What do the academics say? The incumbency effect for MPs

Academics in caps and gowns - Some rights reserved by herkieWelcome to the latest in our occasional series highlighting interesting findings from academic research. Today – the incumbency benefit sitting MPs can build up, based on an analysis of the 1983-2010 general elections:

This note adapts two models commonly used to estimate the incumbency advantage that US members of Congress enjoy – the ‘slurge’ and the Gelman-King Index – to provide comparable estimates for UK MPs. The results show that Liberal Democrats enjoy extremely large such advantages on a par with those of US Congressmen of between 5% and 15% of the vote. Labour and the Conservatives have incumbency advantages at around 2% and 1% respectively. The note estimates that effects could have changed the outcome in as many as 25 seats in some elections, and that they cost the Conservatives the chance to govern alone after the 2010 election.

The piece goes on to explain those two methods of measurement in more detail. The slurge is:

It was observed that in districts where a sitting Congressman stood down and was replaced by a newcomer the sitting party would underperform. When the new Congressman had completed his or her first term, the in party’s vote would surge back up. Slurge takes the mean of this observed retirement slump and the first term ‘sophomore surge’ seen by the parties at each election.

As for Gelman-King, it is a regression equation based on changes in vote share, whether there is an incumbent and who wins.

Aside from the point quoted above about Liberal Democrat MPs having by far the biggest incumbency bonus, the analysis also finds a strong double-incumbency effect for new MPs who have taken seats off other parties. When up for re-election for the first time they now both have their own incumbency bonus and also are up against a rival party which has lost its incumbency bonus, giving a double bonus:

The double incumbency term is particularly strong at the 1997 election, showing that first term Labour MPs who took a seat off the Conservatives in 1992 outperformed other first term Labour MPs by 2.9%, and gaining a first term surge of 4.3%. Conservative MPs who took seats off Labour in 1983 and 1987 did similarly well at the end of their first terms.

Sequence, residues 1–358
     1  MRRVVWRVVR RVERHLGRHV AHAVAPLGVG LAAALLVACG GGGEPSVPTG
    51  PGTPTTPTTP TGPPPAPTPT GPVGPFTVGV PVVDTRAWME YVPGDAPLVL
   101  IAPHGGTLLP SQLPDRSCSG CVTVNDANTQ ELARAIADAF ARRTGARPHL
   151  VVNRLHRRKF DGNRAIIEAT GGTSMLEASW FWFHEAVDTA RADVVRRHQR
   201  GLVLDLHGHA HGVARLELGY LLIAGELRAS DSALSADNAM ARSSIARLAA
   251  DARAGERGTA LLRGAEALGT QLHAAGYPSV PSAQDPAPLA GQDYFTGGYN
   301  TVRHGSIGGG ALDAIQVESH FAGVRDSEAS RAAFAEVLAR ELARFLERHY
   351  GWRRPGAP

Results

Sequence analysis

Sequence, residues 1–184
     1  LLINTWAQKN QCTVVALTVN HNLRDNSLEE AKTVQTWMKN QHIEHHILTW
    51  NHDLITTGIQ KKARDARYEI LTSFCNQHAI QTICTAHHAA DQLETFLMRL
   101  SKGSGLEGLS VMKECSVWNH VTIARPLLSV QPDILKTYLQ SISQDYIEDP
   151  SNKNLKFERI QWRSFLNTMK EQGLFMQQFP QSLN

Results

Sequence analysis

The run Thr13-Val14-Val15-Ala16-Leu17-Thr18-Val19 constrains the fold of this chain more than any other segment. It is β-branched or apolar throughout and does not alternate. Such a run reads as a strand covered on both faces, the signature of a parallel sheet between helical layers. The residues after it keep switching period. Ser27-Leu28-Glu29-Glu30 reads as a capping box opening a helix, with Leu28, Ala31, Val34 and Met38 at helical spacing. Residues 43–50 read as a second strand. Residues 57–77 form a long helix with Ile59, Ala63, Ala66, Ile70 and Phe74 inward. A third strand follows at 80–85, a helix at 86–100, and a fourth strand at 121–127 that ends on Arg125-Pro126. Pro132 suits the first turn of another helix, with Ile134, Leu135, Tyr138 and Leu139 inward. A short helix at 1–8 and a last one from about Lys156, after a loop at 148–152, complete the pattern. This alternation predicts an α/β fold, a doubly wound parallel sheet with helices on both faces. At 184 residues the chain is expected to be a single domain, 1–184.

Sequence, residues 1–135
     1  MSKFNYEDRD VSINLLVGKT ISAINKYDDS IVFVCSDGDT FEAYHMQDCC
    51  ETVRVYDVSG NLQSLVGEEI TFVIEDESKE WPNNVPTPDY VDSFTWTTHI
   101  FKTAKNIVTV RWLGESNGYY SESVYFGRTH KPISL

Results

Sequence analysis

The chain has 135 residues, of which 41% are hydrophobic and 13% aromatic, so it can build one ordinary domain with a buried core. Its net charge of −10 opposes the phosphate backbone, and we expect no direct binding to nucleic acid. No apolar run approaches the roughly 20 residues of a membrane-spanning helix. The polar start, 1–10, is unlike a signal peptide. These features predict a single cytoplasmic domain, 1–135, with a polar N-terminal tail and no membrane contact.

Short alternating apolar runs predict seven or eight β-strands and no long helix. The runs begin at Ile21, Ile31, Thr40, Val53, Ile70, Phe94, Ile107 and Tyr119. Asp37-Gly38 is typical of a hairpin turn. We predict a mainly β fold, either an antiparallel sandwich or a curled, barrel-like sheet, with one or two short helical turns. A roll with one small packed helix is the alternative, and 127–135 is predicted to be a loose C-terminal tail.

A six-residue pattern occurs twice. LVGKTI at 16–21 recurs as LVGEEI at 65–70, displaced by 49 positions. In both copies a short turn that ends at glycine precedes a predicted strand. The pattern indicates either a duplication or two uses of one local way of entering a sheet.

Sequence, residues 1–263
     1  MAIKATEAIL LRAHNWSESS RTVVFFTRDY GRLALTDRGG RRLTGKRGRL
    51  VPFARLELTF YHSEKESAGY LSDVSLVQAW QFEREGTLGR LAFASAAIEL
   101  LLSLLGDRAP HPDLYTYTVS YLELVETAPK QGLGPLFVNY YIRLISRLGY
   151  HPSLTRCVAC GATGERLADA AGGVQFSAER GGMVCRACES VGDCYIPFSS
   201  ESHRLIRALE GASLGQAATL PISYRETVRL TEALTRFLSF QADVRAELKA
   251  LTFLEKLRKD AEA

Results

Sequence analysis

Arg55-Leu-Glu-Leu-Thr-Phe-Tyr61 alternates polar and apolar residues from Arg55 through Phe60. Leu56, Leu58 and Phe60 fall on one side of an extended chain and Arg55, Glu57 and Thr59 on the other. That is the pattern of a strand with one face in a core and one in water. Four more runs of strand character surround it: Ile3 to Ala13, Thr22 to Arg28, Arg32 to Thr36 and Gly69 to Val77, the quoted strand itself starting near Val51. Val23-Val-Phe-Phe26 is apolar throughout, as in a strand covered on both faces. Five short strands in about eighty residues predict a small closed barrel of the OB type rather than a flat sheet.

You can read (a little) more about Timothy Hallam Smith’s article (and buy access to it for $19.95) here.

You can read the other posts in our What do the academics say? series here.

* Mark Pack has written 101 Ways To Win An Election and produces a monthly newsletter about the Liberal Democrats.

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4 Comments

  • The obvious question is why our MPs do so much better ? 2 explanations spring to my mind, a bonus for not being part of the establishment & a difference in how we work.
    If its our anti-establishment credential we can expect to take a hit for being in government.

    The 2nd explanation seems more likely, that we work much harder because we have to, that hasnt changed.

  • Matthew Huntbach 22nd Jan '13 - 3:55pm

    paul barker

    The obvious question is why our MPs do so much better ?

    Also because “But you HAVE a Liberal Democrat MP” tends to be a line that works against the argument “I’m not voting LibDem, it’s a wasted vote” even with people who carried on saying that and believing it right up till the point where a LibDem MP got elected.

  • Ian Sanderson 23rd Jan '13 - 8:59am

    A third thought is that because it’s so much harder to become a LibDem MP than a Labour or Tory one, the overall quality of MPs is higher. One of the things that strikes me when attending Conference is how many good people we have as candidates not yet elected as MPs. The larger parties have many safe seats where, as is sometimes said, you can stick the right label on a feather duster and get it elected.
    Even the few LibDem MPs who have rather colourful reputations tend to be people very well dug in locally before being elected as MPs.

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